The aging baby boomer generation is approaching retirement and beyond, and a universal healthcare system will cater to their rising health care costs. This generation is one of the largest in the country, and offering them the opportunity to "opt out" of paying for coming health care expenses is a significant personal benefit. The other sector of the US population which is growing at a rapid rate is the poor, including underemployed, and legal and illegal immigrants. Although this group pays little in taxes and contributes little to the overall real economic progress of the country, politicians continue to cater to class envy by declaring that the 'rich' have health care coverage, why shouldn't those at the lower end of the economic scales have the same benefits.
Behind this struggle, health care costs are skyrocketing, and two primary reasons for the increase find their roots in these same two groups. Life expectancies in the country are getting longer, and the aging boomers will require more health care for longer periods of time. Funding for the existing government health care systems is declining due to the same reasons that Social Security is facing implosion. More citizens receiving benefits are fewer citizens are paying into the system. The simple equation of higher demand -plus- lower funding -plus- longer lives -equals- higher costs.
Secondly, the poor, uninsured and illegal immigrants who c...
Every hospital in the country will treat any person entering its emergency wards. If the services are not paid for, the loss is applies to the bottom line, and costs increase throughout the system.
A third reason for the push for Universal healthcare is the pragmatic belief that in the long run it will reduce healthcare costs in general. If preventative care is available to everyone from birth, the result will be less-costly healthcare needs in people's later years. Early preventative measures also lessen the magnitude of epidemics; when more people are immunized and have access to treatment, disease cannot spread so easily. (University Wire, 2001)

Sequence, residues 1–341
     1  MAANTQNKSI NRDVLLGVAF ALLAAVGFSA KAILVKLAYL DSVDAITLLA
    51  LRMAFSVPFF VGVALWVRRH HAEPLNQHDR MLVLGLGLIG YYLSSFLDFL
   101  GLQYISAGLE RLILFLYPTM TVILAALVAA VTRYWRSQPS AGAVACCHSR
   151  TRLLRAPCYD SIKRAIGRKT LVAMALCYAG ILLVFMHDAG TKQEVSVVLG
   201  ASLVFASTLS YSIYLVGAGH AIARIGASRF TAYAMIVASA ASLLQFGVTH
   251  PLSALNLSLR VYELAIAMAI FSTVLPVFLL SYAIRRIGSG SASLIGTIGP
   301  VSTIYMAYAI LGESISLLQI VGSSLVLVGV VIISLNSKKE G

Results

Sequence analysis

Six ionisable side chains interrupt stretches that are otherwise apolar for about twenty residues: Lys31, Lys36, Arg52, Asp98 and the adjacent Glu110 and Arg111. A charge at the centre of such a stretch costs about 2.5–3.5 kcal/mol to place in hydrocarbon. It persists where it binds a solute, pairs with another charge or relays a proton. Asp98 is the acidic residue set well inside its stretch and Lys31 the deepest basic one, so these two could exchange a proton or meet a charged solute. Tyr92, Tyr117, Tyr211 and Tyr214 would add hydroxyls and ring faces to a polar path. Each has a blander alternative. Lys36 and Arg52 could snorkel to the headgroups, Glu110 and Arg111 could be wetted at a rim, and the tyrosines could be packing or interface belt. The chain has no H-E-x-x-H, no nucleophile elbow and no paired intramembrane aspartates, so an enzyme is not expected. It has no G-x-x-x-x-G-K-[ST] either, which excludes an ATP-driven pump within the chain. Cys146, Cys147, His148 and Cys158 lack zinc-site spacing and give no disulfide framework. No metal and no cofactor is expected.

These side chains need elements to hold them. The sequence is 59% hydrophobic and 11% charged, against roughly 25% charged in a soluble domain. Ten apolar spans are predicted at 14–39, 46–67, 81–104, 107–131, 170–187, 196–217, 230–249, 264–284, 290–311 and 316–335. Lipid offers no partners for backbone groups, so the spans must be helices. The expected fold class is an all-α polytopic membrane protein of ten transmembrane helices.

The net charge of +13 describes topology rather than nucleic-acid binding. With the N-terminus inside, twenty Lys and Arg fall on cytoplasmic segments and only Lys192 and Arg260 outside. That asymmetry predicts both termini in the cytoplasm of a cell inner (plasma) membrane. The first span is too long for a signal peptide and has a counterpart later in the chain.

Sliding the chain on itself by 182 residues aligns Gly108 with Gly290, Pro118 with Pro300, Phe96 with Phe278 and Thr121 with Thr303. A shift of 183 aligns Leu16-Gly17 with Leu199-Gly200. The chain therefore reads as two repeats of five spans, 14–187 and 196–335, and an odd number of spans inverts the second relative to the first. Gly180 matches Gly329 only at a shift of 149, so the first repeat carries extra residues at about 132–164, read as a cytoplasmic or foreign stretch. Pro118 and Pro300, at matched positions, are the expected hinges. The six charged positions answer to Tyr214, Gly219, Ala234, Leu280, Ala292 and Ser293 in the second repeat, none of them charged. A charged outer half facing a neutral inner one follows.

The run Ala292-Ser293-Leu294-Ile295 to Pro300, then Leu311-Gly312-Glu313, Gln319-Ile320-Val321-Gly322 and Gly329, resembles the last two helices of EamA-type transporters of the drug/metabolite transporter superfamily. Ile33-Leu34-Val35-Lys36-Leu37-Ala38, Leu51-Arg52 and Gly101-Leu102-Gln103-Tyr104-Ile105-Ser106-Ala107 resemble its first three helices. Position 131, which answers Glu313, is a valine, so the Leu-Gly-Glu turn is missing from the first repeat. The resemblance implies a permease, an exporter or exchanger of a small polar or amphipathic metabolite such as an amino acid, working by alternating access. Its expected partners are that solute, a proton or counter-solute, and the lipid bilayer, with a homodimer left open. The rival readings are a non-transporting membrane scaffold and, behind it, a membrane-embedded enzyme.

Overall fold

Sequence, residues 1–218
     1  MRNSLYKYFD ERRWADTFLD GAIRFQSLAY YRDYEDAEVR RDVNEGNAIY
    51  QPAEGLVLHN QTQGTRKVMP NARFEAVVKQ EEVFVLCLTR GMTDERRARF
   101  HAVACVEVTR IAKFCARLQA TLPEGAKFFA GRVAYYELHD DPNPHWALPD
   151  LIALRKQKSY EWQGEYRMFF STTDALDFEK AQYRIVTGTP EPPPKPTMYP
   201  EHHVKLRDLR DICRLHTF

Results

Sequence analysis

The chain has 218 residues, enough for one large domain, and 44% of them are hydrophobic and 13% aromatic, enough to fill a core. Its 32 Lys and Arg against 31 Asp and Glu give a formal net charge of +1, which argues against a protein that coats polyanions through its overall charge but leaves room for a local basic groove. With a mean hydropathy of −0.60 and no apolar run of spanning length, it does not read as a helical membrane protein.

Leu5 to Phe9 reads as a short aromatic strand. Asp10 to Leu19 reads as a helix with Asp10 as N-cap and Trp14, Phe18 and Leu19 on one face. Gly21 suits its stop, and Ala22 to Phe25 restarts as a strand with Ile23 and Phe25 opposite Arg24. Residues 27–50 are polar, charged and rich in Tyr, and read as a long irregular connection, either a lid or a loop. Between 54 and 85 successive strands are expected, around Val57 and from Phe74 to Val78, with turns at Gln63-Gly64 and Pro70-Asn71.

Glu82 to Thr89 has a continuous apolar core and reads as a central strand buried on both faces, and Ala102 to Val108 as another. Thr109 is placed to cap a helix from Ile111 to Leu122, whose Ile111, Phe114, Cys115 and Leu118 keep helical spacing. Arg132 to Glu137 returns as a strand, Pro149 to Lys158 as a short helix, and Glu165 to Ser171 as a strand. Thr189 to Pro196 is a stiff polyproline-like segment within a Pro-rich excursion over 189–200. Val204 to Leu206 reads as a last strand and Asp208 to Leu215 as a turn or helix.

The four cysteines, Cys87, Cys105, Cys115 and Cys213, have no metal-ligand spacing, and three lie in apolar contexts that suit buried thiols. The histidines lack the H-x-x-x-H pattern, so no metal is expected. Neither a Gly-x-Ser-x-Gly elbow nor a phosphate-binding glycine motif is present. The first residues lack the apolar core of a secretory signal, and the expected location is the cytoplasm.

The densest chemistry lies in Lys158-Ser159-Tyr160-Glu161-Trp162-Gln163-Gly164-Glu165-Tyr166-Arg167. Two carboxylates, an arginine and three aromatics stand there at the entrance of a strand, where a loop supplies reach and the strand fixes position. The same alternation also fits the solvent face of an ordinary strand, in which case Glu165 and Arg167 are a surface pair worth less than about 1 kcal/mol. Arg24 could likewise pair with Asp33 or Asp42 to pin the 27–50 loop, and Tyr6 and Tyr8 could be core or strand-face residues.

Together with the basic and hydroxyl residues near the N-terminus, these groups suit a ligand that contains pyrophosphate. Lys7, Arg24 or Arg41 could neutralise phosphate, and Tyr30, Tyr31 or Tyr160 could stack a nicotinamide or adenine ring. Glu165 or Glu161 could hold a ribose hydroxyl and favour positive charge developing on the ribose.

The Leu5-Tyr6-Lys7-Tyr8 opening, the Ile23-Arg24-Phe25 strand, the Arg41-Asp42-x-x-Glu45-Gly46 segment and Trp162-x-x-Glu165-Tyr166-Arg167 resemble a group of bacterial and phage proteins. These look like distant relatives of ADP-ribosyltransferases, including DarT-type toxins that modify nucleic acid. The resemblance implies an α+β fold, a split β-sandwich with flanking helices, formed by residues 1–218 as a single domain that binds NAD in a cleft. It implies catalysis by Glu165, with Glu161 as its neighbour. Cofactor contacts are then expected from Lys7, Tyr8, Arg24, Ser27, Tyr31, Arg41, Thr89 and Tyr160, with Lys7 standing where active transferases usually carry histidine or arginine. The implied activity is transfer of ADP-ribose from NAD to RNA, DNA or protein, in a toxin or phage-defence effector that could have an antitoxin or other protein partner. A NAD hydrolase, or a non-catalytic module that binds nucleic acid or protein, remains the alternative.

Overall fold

Former US Surgeon General C. Everett Koop recently stated: "I think I am right when I write that all Americans have the right to healthcare," Koop said. "If we agree that there is a right to healthcare, then we are also agreeing that someone must provide these rights," he said, noting that the right to healthcare is different than some other constitutional rights because it incurs a monetary cost on society. (Anand, 2000) Last year, in a survey of medical- school faculty and administrators published in the New England Journal of Medicine, 57 percent said they favored a single-payer universal healthcare system over either fee-for-service or managed care. Indeed, more and more doctors are now willing to work in coalitions where they learn from and fight for the needs of those whom they have traditionally considered inferiors or adversaries. (Gordon, 2000)
As a result, when President Clinton ascended the podium, and declared that universal healthcare is a right which Americans shared, no one questioned where the money would come from to fund such a huge expansion of the federal